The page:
Feeds

ACS:Law fined for data breach

Couldn't happen to a nic...

Security for virtualized datacentres

ACS:Law has been fined by the Information Commissioner's Office for failing to follow data protection law.

The one-man law firm, which has since ceased trading, won infamy for using IP numbers to accuse people of illegal file-sharing. Victims received a letter offering to settle the claims rather than go to court. But ACS:Law never took anyone to court, and some judges doubted whether it ever had the legal basis to do so.

The ICO said it would have fined ACS:Law £200,000 for failing to keep information secure, but since it's gone titsup it will instead fine Andrew Crossley as an individual.

Crossley has been served with notice to pay a fine of £1,000 because he has limited means.

Information Commissioner Christopher Graham said: "Sensitive personal details relating to thousands of people were made available for download to a worldwide audience and will have caused them embarrassment and considerable distress. The security measures ACS Law had in place were barely fit for purpose in a person's home environment, let alone a business handling such sensitive details ... As Mr Crossley was a sole trader, it falls on the individual to pay the fine. Were it not for the fact that ACS:Law has ceased trading so that Mr Crossley now has limited means, a monetary penalty of £200,000 would have been imposed."

A spokeswoman for the ICO said Crossley had provided the court with a written, legal statement showing he was skint.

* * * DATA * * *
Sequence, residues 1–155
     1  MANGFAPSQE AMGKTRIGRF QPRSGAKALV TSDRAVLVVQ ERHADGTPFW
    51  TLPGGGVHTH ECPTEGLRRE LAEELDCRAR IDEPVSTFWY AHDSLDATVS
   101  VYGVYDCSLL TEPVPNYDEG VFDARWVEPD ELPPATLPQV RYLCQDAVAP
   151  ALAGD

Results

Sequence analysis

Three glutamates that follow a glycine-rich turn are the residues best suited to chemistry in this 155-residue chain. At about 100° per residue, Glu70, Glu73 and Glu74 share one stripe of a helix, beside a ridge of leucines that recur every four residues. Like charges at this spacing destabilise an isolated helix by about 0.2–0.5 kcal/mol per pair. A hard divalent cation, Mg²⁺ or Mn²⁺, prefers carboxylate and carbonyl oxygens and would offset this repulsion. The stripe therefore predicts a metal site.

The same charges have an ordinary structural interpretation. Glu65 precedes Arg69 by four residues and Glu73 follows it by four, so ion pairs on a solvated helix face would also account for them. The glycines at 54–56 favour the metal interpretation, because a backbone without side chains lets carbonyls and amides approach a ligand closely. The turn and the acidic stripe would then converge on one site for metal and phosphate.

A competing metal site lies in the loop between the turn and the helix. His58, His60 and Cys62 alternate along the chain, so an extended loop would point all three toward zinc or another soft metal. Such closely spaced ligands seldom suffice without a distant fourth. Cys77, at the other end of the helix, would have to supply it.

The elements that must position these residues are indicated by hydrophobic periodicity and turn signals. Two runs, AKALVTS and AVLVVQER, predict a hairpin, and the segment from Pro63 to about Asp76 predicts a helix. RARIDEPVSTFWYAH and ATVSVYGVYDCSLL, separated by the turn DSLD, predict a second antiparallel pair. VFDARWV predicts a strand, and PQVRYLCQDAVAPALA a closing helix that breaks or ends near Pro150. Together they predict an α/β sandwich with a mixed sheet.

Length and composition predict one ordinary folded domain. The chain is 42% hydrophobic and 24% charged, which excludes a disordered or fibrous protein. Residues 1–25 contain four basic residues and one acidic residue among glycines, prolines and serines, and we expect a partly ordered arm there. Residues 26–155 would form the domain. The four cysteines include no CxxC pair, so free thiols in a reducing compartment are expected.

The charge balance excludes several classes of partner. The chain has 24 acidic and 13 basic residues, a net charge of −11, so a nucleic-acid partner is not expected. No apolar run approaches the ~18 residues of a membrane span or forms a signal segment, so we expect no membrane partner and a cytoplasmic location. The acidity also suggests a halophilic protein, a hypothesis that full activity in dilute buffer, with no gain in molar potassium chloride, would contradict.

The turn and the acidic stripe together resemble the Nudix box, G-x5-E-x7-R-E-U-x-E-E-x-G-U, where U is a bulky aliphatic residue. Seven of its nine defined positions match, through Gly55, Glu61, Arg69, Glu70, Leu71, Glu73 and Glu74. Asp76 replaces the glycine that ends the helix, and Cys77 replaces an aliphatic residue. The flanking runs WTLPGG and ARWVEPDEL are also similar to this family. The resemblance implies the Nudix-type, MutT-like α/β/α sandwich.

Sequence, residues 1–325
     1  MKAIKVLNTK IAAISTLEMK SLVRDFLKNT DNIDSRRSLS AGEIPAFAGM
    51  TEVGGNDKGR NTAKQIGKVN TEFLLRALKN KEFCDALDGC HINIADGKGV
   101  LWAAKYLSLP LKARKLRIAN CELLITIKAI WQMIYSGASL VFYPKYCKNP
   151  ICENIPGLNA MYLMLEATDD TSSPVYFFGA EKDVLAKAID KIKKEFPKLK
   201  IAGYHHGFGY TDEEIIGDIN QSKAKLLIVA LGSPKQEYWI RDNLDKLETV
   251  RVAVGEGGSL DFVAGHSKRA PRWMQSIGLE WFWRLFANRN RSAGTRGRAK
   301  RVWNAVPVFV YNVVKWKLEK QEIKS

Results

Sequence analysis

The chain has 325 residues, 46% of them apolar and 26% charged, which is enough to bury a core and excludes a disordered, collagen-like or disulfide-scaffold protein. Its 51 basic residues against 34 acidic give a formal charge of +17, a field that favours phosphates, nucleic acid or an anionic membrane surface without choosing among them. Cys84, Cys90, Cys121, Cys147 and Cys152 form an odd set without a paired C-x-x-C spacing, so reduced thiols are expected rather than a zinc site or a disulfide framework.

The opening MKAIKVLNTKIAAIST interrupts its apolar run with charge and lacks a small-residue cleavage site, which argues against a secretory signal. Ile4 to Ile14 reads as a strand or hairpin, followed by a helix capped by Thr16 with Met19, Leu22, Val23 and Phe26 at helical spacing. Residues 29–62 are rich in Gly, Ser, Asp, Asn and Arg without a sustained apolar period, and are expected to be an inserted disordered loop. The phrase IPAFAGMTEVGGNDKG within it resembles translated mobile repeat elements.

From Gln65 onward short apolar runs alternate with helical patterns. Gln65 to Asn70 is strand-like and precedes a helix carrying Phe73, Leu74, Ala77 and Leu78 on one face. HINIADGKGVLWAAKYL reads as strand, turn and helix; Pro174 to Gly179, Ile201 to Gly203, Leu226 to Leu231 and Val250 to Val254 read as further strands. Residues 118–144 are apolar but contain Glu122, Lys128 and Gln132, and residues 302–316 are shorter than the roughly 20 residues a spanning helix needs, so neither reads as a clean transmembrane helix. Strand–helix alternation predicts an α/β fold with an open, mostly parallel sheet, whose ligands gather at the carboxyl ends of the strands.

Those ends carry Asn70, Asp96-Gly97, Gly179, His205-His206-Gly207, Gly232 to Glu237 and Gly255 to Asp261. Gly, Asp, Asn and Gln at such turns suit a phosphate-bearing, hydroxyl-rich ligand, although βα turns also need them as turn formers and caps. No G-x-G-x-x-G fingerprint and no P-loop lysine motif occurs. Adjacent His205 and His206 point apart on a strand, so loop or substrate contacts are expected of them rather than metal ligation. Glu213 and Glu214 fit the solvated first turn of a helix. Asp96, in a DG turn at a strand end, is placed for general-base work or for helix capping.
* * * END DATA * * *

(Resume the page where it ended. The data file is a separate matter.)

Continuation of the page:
ACS:Law's website was brought down in September 2010.

Crossley's arrogance at the time spurred on the hackers to deeper attacks and the eventual leaking of 6,000 people's details. At the time, he told the Reg: "It was only down for a few hours. I have far more concern over the fact of my train turning up 10 minutes late or having to queue for a coffee than them wasting my time with this sort of rubbish."

The ICO found Crossley had failed to seek professional advice when setting up systems, had used a hosting service aimed at home users and had failed to install a firewall. ®

Intelligent flash storage arrays

More from The Register

next story
Scrapping the Human Rights Act: What about privacy and freedom of expression?
Justice minister's attack to destroy ability to challenge state
WHY did Sunday Mirror stoop to slurping selfies for smut sting?
Tabloid splashes, MP resigns - but there's a BIG copyright issue here
Google hits back at 'Dear Rupert' over search dominance claims
Choc Factory sniffs: 'We're not pirate-lovers - also, you publish The Sun'
EU to accuse Ireland of giving Apple an overly peachy tax deal – report
Probe expected to say single-digit rate was unlawful
Inequality increasing? BOLLOCKS! You heard me: 'Screw the 1%'
There's morality and then there's economics ...
Hey Brit taxpayers. You just spent £4m on Central London ‘innovation playground’
Catapult me a Mojito, I feel an Digital Innovation coming on
While you queued for an iPhone 6, Apple's Cook sold shares worth $35m
Right before the stock took a 3.8% dive amid bent and broken mobe drama
EU probes Google’s Android omerta again: Talk now, or else
Spill those Android secrets, or we’ll fine you
prev story

Whitepapers

Forging a new future with identity relationship management
Learn about ForgeRock's next generation IRM platform and how it is designed to empower CEOS's and enterprises to engage with consumers.
Storage capacity and performance optimization at Mizuno USA
Mizuno USA turn to Tegile storage technology to solve both their SAN and backup issues.
The next step in data security
With recent increased privacy concerns and computers becoming more powerful, the chance of hackers being able to crack smaller-sized RSA keys increases.
Security for virtualized datacentres
Legacy security solutions are inefficient due to the architectural differences between physical and virtual environments.
A strategic approach to identity relationship management
ForgeRock commissioned Forrester to evaluate companies’ IAM practices and requirements when it comes to customer-facing scenarios versus employee-facing ones.